double y = xout1.rhsindexing(ir+1,ic+1);
     xout1.lhsindexing(ir+1,ic+1) = 0;

which have the desired behaviour? Is there another route to finding this
out other than doxygen?

Thanks
Richard



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Re: Memory management in .oct files

Paul Thomas-10
Richard,

I believe that you will find Jens Ruecknagel's master's thesis very helpful.
It should answer most of your questions and more besides.

Paul T

----- Original Message -----
From: "Richard Hindmarsh" <[hidden email]>
To: "John W. Eaton" <[hidden email]>
Cc: <[hidden email]>
Sent: Saturday, March 19, 2005 1:59 PM
Subject: Re: Memory management in .oct files


>
>>|   int ir = xin1.rows();                                    // #3
>>|   int ic = xin1.cols();
>>|   Matrix xout1(ic,ir);                                     // #4
>>|   for (int ir1 = 0 ; ir1 < ir ; ir1++)                     // #5
>>|     for (int ic1 = 0 ; ic1 < ic ; ic1++) {
>>|       xout1(ic1,ir1) = xin1(ir1,ic1);                      // #6
>>
>>                         ^^^^^^^^^^^^^
>>Since Octave does not know that this indexing operation appears on the
>>RHS of the assignment (I think it would be a real mess to try to do
>>that automatically), it splits off a copy here.  If you don't plan on
>>modifying the argument that is pass to this function, then you can
>>avoid the extra copy and the checks on the reference count that are
>>done each time you use the indexing operator by declaring xin1 as
>>"const".
>>
>>
> I guess this means that you decided not to impelemt e.g.
>
>     xout1(ic1,ir1) = xin1(ir1,ic1);
> using a helper class. The upside of this is speed; the downside is that
> statements such as
>
>      double y = xin1(ir+1,ic+1);
>
> do not trip an error and statements like
>
>     xout1(ir+1,ic+1) = 1;
>
> do not resize the matrix, as they do in Octave. Are there function calls
> e.g.
>
>     double y = xout1.rhsindexing(ir+1,ic+1);
>     xout1.lhsindexing(ir+1,ic+1) = 0;
>
> which have the desired behaviour? Is there another route to finding this
> out other than doxygen?
>
> Thanks
> Richard
>
>
>
> -------------------------------------------------------------
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>
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>
>




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Re: Memory management in .oct files

Paul Thomas-10
I also meant to attach the link
http://www.stud.tu-ilmenau.de/~rueckn/Oct_Interpreter_Compiler.pdf

Regards

Paul T




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Re: Memory management in .oct files

John W. Eaton-6
In reply to this post by Richard Hindmarsh
On 19-Mar-2005, Richard Hindmarsh <[hidden email]> wrote:

| I guess this means that you decided not to impelemt e.g.
|
|      xout1(ic1,ir1) = xin1(ir1,ic1);
|
| using a helper class.

In what way are you suggesting using a "helper class" and what do you
mean by that?

| The upside of this is speed; the downside is that statements such as
|
|       double y = xin1(ir+1,ic+1);
|
| do not trip an error

Why would this cause an error?

| and statements like
|
|      xout1(ir+1,ic+1) = 1;
|
| do not resize the matrix, as they do in Octave.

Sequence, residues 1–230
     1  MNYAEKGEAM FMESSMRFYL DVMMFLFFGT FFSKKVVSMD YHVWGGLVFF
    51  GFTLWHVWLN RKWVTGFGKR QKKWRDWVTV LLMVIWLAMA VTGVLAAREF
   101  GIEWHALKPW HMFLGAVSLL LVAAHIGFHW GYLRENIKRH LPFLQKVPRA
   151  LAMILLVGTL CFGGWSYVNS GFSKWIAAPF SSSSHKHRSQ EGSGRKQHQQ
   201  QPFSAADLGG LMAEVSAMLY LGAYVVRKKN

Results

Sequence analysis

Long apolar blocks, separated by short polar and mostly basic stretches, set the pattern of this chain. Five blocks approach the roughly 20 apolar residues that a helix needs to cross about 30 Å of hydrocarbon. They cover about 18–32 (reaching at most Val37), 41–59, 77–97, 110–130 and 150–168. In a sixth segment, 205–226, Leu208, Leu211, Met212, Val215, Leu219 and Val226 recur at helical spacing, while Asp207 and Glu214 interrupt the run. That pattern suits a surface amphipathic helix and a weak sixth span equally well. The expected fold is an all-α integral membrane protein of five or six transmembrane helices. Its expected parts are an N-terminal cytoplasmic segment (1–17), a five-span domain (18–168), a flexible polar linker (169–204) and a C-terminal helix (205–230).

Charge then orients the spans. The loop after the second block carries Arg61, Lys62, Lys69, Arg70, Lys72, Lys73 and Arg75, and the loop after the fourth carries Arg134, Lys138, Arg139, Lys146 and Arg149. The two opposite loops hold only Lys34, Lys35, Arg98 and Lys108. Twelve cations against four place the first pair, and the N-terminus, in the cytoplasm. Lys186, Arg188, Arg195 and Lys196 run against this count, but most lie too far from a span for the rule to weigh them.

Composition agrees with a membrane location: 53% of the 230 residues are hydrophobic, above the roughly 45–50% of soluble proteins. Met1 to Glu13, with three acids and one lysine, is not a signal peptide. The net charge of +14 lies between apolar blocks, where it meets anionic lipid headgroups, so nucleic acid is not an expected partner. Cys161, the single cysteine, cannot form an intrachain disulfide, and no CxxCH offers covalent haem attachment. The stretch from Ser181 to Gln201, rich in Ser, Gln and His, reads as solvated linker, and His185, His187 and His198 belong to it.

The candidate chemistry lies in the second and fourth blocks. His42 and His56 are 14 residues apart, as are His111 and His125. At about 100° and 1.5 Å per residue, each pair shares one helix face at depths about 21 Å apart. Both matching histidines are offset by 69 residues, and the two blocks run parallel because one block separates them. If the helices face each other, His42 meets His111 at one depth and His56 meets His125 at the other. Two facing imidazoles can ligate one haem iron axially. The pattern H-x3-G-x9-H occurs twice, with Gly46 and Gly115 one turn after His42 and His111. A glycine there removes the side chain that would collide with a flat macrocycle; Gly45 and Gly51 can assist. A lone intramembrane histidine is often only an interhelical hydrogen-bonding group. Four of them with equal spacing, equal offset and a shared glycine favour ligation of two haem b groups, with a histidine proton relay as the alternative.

Doing that seemed like a bad idea at the time the Array and Matrix
classes were first implemented.

| Are there function calls e.g.
|
|      double y = xout1.rhsindexing(ir+1,ic+1);
|      xout1.lhsindexing(ir+1,ic+1) = 0;
|
| which have the desired behaviour?

Yes, but they don't look quite like this.  I think you are looking for
the set_index, index and assign methods in the Array classes.  I would
bet that you will not like the interface much, but it seemed to be
what I needed for the implementation of the scripting language way
back when, and it seems that so far, no one has contributed the code
to do it in a better way.

| Is there another route to finding this
| out other than doxygen?

Yes, reading the source without it.  :-)

But seriously, someone has to write the documentation you are
seeking.  Octave is mostly a volunteer project, and some of us are
busy enough writing code and apparently documentation is less fun
because there seems to be less of it.

jwe



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Re: Memory management in .oct files

Richard Hindmarsh


John W. Eaton wrote:

>On 19-Mar-2005, Richard Hindmarsh <[hidden email]> wrote:
>
>| I guess this means that you decided not to impelemt e.g.
>|
>|      xout1(ic1,ir1) = xin1(ir1,ic1);
>|
>| using a helper class.
>
>In what way are you suggesting using a "helper class" and what do you
>mean by that?
>  
>
I learnt the technique from

From: Corey Kosak
<http://groups.google.co.uk/groups?hl=en&lr=&safe=off&q=author:kosak%40adonis.nectar.cs.cmu.edu+>
([hidden email] <mailto:kosak%40adonis.nectar.cs.cmu.edu>)
Subject: Re: operator[] - lvalue and rvalue
View: Complete Thread (9 articles)
<http://groups.google.co.uk/groups?hl=en&lr=&safe=off&threadm=vzxu2zsihuu.fsf%40adonis.nectar.cs.cmu.edu&rnum=4&prev=/groups%3Fhl%3Den%26lr%3D%26safe%3Doff%26selm%3Dvzxu2zsihuu.fsf%2540adonis.nectar.cs.cmu.edu%26rnum%3D4>

Original Format
<http://groups.google.co.uk/groups?selm=vzxu2zsihuu.fsf%40adonis.nectar.cs.cmu.edu&output=gplain>


Newsgroups: comp.lang.c++.moderated
<http://groups.google.co.uk/groups?hl=en&lr=&safe=off&group=comp.lang.c%2B%2B.moderated>,
comp.lang.c++
<http://groups.google.co.uk/groups?hl=en&lr=&safe=off&group=comp.lang.c%2B%2B>
Date: 1998/11/22

This is the only way I know to distinguish an lvalue from a rvalue -